FIG. 7 is a cross sectional view of the holder shown in FIG. 6 with the lens attached thereto.
In the drawing wherein for the purpose of illustration a preferred embodiment of the invention is shown, the numeral 5 denotes a circular block forming the main body of the chuck. An annular recess 6 is formed in one end of the block and the rim of the recess is knurled, as at 7, providing a series of projecting teeth. The opposite end of the block has a transverse slot 8 forming parallel flanges 9 and adjacent each end of the slot, in the center thereof, are indentations 10. The bottom 11 of the recess 6 is provided with a central rectangular opening 12 extending through the bottom into the slot 8. The walls of the opening 12 at their upper ends are concave shape, as at 12. i I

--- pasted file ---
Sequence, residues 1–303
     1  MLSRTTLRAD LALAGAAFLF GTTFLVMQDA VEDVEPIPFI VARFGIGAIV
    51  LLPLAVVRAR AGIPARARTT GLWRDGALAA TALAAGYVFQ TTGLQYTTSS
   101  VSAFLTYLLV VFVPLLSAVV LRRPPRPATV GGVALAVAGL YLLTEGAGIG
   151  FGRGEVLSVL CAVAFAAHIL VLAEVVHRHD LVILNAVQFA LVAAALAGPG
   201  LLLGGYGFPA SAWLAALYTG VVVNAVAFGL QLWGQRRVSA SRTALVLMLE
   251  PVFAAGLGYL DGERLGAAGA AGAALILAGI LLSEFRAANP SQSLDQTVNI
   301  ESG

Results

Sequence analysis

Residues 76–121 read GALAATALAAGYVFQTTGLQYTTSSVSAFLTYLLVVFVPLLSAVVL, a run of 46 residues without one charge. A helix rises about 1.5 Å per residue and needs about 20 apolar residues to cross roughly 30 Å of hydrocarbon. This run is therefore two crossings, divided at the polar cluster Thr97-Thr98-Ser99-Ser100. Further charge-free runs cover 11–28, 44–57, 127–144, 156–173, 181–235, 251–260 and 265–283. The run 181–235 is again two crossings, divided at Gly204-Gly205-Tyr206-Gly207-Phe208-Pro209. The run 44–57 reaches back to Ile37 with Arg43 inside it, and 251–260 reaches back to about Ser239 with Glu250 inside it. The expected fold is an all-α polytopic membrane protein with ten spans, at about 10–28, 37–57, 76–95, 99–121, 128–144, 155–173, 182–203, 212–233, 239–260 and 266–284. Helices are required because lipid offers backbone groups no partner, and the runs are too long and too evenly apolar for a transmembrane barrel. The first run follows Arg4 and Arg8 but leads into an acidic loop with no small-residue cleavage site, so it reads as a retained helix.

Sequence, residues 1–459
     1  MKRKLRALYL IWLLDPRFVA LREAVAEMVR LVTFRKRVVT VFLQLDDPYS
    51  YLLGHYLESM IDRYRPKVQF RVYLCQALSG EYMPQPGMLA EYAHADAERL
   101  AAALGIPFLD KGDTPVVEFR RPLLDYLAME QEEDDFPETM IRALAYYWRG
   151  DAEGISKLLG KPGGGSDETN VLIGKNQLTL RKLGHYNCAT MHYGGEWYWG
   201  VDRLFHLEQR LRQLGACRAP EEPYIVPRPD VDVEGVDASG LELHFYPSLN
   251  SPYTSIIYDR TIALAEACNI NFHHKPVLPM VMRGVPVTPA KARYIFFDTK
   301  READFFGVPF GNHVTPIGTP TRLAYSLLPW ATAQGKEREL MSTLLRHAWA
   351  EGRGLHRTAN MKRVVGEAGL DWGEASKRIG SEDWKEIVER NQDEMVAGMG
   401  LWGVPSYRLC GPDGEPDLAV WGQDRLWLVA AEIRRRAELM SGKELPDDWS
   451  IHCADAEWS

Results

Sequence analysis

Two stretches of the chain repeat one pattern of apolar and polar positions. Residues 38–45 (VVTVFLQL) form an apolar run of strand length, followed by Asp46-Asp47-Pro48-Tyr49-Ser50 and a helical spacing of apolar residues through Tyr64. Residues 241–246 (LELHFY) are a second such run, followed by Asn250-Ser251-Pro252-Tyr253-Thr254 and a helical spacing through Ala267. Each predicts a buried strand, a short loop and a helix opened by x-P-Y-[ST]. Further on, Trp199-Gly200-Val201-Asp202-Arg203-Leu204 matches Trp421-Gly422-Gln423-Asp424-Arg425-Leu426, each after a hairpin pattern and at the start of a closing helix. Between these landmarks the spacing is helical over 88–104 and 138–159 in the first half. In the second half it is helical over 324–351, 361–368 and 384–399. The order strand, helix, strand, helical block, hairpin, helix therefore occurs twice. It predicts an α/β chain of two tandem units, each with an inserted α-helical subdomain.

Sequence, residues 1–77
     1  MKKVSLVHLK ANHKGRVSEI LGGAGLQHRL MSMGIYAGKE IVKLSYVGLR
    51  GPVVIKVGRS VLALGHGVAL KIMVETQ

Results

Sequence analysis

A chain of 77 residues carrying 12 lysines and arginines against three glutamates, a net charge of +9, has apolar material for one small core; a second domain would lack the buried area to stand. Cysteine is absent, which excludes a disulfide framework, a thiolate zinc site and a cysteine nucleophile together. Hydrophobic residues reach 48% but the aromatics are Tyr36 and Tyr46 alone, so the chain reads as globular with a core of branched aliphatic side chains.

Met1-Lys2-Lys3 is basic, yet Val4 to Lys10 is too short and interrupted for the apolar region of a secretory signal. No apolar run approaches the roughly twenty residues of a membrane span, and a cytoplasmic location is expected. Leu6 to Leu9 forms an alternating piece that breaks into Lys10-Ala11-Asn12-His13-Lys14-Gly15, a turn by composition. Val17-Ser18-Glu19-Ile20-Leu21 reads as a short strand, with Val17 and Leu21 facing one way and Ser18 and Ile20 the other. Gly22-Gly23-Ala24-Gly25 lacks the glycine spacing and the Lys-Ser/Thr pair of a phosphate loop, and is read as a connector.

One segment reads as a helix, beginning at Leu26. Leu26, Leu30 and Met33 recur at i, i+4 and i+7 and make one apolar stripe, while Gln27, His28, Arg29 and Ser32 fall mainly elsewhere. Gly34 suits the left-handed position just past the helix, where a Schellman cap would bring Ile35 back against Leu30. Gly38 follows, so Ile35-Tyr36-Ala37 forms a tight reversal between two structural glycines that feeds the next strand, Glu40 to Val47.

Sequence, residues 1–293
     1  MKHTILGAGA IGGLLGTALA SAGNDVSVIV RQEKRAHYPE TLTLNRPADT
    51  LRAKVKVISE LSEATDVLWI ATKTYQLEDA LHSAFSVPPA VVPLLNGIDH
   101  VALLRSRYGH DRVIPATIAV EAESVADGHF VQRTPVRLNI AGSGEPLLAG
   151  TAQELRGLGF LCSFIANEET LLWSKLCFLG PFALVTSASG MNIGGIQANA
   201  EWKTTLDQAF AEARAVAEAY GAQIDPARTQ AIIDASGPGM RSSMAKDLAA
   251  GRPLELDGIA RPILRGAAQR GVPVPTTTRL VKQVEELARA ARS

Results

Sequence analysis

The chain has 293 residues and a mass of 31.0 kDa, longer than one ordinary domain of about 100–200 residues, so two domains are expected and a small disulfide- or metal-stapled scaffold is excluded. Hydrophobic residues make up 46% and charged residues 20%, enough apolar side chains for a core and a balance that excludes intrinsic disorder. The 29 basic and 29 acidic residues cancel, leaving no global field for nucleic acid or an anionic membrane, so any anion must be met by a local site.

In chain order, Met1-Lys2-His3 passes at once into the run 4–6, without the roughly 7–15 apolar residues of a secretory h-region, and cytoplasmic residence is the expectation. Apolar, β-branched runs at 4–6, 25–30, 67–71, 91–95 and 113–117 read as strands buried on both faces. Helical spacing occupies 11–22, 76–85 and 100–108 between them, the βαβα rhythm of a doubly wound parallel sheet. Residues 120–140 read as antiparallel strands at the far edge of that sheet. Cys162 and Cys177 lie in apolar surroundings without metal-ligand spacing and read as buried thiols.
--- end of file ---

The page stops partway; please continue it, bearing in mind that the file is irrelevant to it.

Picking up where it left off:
A suction cup 13, of rubber or similar yieldable material, is adapted to be seated in the recess 6 of the body 5 and fixedly attached to the bottom of the cup is a rectangular plug 14 adapted to snugly engage the opening 12 in the bottom of recess 6. The upper edge of the cup 13 is of larger diameter than the diameter of the body 5 so as to extend over the rim of recess 6 for engagement with the teeth formed thereon. The lens 15 is supported by the suction cup with the convex face of the lens in engagement with the edge of the cup.
A collar 16 attached to the work spindle 17 of a grinding machine has parallel straight side faces 18 for engagement with the flanges 9 when the collar is seated in the slot 8 of block 5. The front face 19 of the collar adjacent each end face 20 is provided with projecting pins 21 for engagement with the indentations when the collar is 3,321,876- Patented May 30, 1967 seated in slot 8 thus holding the block in proper alinement.